What to consider when drafting a will

25 April 2018

Drafting a will is a vital part of your estate planning and you need to write it clearly enough to ensure that your wishes are fulfilled.

"A father dies suddenly. His family is sitting around the desk of his attorney for the reading of the will. The attorney thanks all of them for coming and then reads out his Last Will and Testament.
 
"I, being of sound mind, make the following gifts. To my beautiful wife, I leave my house, my Manhattan apartment, and R10m in cash. To my hardworking son, I leave my Lexus and R8m in cash. To my amazing daughter, I leave my Jaguar and R8m in cash.
 
"And to my brother, who always told me in no uncertain terms that 'health' is so much more important than 'wealth', I leave my exercise bike and treadmill."
 
Whether or not you're planning to have the last laugh, it's crucial that you have a will in place, as once you've 'kicked the bucket', you won't be in a position to decide who gets what.
 
There may be a few questions you have about how it all works. Here are the answers to some of the more popular questions we get asked about wills and estate administration. 

What happens if I don't have a will in place?

If you don’t have a will in place, the South African Law of Intestacy prescribes what would happen to your assets on your death. You will have no control over who inherits the hard-earned fruits of your labour. If you have minor children, their portion of their inheritance would be paid over to the guardian’s fund. The court would appoint the guardian for them and this may not be the person you wished to care for them. You would not be able to decide who the executor of your estate would be, and this means you could end up incurring unnecessary expenses and fees for your estate.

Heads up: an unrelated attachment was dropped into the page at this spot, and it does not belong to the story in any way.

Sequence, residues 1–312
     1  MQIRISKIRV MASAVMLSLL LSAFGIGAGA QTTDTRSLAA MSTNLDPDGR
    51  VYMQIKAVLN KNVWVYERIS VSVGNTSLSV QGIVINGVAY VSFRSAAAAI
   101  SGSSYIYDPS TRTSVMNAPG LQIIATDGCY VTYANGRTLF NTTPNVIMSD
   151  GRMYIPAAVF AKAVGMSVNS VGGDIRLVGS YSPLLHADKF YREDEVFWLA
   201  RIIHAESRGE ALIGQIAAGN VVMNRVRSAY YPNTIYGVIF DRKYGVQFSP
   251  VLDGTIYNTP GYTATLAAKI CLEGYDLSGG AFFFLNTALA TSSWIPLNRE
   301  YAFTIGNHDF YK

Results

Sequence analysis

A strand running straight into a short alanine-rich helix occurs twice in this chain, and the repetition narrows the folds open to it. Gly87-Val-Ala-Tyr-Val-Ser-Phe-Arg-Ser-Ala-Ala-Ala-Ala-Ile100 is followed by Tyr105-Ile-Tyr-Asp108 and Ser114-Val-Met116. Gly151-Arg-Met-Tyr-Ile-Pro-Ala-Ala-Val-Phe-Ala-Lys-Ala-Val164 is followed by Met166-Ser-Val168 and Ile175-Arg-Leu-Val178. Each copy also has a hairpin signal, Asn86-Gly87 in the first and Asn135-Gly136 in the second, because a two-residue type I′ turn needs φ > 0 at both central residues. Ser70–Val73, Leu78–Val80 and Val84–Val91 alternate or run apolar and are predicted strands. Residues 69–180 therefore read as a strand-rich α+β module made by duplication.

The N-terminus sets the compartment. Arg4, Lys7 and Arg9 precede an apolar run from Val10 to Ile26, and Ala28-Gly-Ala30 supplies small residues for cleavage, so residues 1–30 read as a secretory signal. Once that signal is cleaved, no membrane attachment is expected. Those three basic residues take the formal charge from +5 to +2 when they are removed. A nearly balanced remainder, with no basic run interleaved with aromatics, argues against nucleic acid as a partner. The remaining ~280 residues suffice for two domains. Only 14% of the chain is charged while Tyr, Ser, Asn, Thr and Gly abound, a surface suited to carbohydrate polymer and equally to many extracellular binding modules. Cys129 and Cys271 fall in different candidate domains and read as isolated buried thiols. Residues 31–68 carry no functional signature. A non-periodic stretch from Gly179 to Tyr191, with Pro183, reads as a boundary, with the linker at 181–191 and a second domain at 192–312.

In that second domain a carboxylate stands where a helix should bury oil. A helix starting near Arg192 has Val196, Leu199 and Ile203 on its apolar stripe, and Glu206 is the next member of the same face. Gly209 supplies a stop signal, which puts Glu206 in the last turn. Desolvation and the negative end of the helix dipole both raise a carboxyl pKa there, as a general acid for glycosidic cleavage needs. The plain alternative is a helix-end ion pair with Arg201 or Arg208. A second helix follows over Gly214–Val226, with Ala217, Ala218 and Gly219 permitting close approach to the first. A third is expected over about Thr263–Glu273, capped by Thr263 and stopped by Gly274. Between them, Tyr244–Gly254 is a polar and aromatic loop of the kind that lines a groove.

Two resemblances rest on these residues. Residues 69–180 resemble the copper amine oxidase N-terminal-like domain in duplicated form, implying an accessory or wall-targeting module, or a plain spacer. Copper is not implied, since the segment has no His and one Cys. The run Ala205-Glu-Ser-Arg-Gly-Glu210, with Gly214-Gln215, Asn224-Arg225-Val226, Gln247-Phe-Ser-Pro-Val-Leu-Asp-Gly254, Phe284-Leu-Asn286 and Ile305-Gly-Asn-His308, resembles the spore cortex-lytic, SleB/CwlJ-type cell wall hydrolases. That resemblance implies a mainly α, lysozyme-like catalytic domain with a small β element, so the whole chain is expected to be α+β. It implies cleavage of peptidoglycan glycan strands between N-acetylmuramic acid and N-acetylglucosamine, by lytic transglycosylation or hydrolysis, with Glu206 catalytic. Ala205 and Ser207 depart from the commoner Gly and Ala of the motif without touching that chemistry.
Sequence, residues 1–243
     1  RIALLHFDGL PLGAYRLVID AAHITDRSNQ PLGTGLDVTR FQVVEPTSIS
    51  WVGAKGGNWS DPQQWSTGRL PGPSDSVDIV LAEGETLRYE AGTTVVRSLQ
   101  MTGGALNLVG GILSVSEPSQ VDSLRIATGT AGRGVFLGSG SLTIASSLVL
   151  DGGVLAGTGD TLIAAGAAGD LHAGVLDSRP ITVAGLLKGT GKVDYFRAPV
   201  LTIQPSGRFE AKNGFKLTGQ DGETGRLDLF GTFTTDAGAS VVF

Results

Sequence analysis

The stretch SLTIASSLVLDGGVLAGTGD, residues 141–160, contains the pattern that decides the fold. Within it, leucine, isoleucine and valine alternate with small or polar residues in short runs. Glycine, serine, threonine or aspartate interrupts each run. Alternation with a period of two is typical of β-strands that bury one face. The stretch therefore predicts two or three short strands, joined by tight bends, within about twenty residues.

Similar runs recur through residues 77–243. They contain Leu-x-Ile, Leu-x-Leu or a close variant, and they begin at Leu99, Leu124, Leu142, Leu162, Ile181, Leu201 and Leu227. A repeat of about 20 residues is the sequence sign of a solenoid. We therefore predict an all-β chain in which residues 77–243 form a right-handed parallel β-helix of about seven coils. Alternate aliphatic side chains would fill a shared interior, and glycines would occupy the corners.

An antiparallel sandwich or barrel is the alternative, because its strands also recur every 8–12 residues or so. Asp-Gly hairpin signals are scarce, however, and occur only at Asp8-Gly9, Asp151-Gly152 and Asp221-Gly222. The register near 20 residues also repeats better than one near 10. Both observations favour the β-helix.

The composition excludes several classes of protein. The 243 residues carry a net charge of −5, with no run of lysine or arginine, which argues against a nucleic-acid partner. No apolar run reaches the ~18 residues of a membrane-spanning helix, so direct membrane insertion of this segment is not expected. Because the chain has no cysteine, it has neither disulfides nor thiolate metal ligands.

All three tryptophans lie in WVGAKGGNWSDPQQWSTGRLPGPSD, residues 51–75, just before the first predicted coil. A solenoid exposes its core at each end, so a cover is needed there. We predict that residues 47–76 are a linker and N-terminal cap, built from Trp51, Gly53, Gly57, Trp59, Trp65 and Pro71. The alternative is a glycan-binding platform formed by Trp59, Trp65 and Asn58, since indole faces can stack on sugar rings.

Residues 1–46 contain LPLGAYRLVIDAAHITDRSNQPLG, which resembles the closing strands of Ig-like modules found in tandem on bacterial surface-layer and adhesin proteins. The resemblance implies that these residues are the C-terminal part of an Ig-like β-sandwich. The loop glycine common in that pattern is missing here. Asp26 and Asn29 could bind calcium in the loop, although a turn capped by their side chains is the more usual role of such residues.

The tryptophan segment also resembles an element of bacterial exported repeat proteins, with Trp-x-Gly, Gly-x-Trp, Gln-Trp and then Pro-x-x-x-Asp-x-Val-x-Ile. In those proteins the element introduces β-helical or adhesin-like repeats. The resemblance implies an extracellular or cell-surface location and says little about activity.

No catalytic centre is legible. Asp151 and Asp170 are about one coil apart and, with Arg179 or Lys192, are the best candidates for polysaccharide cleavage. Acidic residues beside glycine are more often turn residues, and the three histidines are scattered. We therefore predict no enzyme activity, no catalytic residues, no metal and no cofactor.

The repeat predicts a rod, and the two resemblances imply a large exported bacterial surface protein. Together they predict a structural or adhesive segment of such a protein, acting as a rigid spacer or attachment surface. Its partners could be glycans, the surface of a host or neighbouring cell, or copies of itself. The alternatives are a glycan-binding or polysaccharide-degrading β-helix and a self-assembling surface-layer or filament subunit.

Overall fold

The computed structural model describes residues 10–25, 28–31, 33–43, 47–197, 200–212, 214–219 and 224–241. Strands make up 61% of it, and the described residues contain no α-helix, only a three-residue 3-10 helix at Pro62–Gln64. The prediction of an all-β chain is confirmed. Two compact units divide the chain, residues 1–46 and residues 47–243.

I have a will, but it was drafted many years ago. Would it still be valid?

Yes, it may still be valid. However, your will should change as you change. There have been many legislative changes over the years, which may affect the bequests and validity of your will. Your will, along with your estate plan, should be reviewed annually to ensure that it fulfils and complies with your wishes, is practically viable and complies with the law.  

Can I draft my own will?

Yes, you can draft your own will. As we all know, paying a lawyer to draft your will can be expensive. However, it's cheaper than having to pay a lawyer to deal with your estate should your will be invalid. There are many formal requirements that must be met for a will to be valid and recognised. If any of these requirements are not met, your will – or a portion of it – could be invalid. We suggest that a qualified professional assists you in drafting your will. 

I want to make changes to my will. How do I do this?

A will can be amended by codicil (an addendum to a will that explains, modifies or revokes all or part of the will). However, there is always the risk that a codicil gets detached from the original will. There have been instances when the codicil has not been correctly drafted and/or executed, and contains conflicting provisions. There have also been instances where executors have simply forgotten to read the codicil. Therefore, in order to avoid unnecessary conflicts and complications, it's easier to replace your will in its entirety, should you wish to make changes.

Should my spouse and I have a joint will?

A joint will is a will of two persons, contained in a single document.
 
If drafted correctly, and massing (a type of merging of estates) occurs, a surviving spouse cannot unilaterally amend the contents of the will in relation to the massed estate. This inevitably results in protecting the entitlement of the original heirs in terms of the joint will.
 
However, a joint will has its disadvantages. It is inflexible after the death of the one spouse and does not cater for a change in circumstances. If the surviving spouse needs to sell property that is ultimately bequeathed to other heirs in the joint will, he or she may be unable to sell this property, resulting in a financial crisis for him or her.